User:Guffawing Crow/Children of Lir

From Uncyclopedia, the content-free encyclopedia

Jump to: navigation, search
For those without comedic tastes, the so-called experts at Wikipedia have an article about Children of Lir.

The Children of Lir is a Wikilegend. Like most old stories it contains a moral; predictably, a lesson to be learned about the folly of human behavior.

In Celtic mythology, Lir ("the sea") was the god of the sea, master of many, but slave to none. That is, until he was held captive by Sneachta the Frigid, then thrown into the abyss by the decree of the other gods of the Pantheon.

But Lir did not rest. He recast himself in a new image, and from his flesh he bore many others, also in his image, but bearing different names. But, as the poet William Shakespeare once wrote, "a sock by any other name would smell as acrid."

Alas, the people were not fooled. They still remembered the days of old, when Lir moved amongst the flock unseen, poisoning the land with each step of each foot, and speaking in a fiery tongue, flaming and provoking without cause or care.

Knowing that Lir would continue to surround himself with his own golems while seeking the protection of the King, the people took matters into their own hands. They created golems of their own, and sent them to do battle with the forces of Lir.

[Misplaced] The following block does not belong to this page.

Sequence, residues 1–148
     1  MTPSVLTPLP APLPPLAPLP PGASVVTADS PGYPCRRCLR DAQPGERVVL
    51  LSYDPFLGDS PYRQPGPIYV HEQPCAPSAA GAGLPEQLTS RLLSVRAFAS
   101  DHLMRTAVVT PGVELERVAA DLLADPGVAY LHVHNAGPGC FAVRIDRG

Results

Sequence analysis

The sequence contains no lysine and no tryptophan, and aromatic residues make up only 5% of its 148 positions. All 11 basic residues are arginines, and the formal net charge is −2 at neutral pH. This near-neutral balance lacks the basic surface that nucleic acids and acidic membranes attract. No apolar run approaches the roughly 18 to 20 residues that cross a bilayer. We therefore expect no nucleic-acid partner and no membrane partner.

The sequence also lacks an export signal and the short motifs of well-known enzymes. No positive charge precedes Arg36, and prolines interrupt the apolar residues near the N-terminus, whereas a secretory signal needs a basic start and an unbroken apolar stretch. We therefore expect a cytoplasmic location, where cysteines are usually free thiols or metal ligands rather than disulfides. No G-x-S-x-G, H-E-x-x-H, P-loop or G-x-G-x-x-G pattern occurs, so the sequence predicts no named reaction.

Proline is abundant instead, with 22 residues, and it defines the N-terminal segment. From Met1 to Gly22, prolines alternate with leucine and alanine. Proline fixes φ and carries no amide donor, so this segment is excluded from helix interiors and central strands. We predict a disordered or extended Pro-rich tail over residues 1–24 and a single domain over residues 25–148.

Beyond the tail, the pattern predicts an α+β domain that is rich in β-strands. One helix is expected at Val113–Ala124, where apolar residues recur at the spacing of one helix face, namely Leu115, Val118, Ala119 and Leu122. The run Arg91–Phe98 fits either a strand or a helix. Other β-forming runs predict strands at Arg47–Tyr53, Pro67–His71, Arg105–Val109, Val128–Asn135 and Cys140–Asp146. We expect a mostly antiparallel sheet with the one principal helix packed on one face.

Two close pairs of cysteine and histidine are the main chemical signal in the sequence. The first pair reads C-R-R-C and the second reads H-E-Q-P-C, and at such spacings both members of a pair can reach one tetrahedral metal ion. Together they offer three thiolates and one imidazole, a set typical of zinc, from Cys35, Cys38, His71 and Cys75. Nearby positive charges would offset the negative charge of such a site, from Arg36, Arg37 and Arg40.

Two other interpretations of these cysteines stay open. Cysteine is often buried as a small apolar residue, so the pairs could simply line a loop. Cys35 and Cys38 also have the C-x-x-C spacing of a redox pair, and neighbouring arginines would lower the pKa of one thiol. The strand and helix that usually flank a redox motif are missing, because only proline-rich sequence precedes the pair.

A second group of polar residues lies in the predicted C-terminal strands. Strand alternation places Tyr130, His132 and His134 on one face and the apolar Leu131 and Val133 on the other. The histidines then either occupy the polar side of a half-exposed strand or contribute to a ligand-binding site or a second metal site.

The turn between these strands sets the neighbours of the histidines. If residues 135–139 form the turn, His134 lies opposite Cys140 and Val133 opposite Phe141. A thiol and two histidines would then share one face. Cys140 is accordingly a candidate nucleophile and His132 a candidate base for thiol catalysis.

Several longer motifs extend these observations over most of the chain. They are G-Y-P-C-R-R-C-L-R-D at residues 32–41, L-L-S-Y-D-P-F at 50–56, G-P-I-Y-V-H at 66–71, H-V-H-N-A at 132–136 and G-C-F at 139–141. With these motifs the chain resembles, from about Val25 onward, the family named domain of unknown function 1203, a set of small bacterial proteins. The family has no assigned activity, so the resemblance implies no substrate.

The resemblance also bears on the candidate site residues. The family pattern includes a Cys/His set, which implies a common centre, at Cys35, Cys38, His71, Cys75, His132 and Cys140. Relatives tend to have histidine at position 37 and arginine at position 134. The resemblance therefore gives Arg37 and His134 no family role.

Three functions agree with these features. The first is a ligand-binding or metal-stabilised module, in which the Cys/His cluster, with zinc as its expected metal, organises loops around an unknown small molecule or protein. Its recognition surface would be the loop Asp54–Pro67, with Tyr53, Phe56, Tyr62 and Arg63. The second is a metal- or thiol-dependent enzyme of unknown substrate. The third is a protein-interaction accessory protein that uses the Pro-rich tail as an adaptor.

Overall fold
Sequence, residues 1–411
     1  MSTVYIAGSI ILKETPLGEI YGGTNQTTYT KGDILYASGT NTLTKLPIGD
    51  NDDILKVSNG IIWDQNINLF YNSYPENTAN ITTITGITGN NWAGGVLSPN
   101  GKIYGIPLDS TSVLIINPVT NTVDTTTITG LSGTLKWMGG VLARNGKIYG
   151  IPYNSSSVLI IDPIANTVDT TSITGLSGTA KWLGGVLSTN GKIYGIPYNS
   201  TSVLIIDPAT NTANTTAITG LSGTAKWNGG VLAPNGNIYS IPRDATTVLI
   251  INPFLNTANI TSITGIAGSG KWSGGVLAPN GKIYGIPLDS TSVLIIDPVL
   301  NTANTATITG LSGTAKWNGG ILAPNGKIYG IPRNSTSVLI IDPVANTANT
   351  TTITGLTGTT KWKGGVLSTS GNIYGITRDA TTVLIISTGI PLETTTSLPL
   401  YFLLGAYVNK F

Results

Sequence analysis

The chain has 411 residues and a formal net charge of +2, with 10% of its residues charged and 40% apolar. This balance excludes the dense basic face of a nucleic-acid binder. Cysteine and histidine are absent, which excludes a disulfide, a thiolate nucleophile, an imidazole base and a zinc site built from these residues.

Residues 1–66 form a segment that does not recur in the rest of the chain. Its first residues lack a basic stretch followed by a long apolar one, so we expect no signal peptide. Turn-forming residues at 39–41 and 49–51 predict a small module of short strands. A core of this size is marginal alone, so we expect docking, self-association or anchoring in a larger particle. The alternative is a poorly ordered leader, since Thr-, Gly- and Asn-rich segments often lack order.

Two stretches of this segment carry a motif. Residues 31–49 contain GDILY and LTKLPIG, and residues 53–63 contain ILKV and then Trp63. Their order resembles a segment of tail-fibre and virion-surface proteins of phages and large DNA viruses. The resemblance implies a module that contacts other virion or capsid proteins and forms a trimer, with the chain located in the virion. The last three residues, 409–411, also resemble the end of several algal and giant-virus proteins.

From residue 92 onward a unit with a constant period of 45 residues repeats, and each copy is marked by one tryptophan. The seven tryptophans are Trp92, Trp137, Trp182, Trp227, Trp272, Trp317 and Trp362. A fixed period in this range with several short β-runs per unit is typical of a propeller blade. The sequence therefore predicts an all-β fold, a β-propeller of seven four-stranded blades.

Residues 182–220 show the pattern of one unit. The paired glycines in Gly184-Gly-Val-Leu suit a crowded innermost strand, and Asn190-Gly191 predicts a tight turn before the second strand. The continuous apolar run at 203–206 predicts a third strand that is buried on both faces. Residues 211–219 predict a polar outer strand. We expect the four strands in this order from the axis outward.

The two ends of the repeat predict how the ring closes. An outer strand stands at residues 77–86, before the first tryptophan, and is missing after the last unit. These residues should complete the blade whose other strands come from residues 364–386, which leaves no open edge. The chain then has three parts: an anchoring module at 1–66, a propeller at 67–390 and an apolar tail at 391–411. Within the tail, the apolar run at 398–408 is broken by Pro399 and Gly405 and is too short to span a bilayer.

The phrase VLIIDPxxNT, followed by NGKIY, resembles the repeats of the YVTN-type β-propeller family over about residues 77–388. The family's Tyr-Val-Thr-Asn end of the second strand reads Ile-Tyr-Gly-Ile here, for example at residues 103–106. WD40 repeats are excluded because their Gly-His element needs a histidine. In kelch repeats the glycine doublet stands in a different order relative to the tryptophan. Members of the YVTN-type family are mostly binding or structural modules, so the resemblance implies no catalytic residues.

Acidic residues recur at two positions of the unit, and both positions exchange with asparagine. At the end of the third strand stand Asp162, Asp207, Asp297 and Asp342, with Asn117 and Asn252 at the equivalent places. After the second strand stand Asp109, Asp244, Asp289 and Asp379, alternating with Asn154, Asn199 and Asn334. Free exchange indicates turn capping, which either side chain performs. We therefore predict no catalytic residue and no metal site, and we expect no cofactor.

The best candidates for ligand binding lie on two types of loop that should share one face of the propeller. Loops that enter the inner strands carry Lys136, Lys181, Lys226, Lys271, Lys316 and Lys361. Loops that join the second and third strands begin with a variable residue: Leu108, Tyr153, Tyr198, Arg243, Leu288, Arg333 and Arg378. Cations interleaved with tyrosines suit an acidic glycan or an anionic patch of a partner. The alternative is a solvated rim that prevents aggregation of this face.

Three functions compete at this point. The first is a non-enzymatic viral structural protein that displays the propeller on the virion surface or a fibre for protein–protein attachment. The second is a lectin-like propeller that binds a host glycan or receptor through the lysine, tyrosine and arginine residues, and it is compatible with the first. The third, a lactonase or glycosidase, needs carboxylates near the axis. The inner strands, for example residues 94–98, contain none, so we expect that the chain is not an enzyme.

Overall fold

Some stood to the side, begging for pause, pointing toward the good that Lir had done, but those that fought shook their heads.

"Hearken to the Second Rule of Chron," they said. And so they did consult the Official Rulebook, and there they found the answer, in small print at the bottom of page 93. And it was the scholars that realized that Old Chron's rule was also one that the Ancient Pantheon had also long held true, and that had led to Lir's banishment all those minutes ago.

And so the battle raged on. And Lir begged for protection from the King, but was denied, until a Knight of the King intervened out of pity and did help Lir. And the people were angered. And Lir did promise to go away, never to return, but he did not. And the people knew that his passing would have been an illusion anyway, with his golems already firmly in place.

And so the battle raged on.

And on.

And still on.

And on a bit more.

Then took a left to have a quick spot of lunch at this delightful little bistro that you'd never believe could serve such a scrumptious little salad for only a few coppers.

Then it took a nap by the side of the road, before finally realising, "Good Lord! Is that the time? Back to it, then."

Actually, as much as I enjoy a little narration from time to time, I really must get back to constructing another golem. They aren't built in a day, you know. And so long as Lir never rests, neither can I. There is a moral in there somewhere.

I think.

Look under the bed. If you've lost something, it's nearly always there.

Personal tools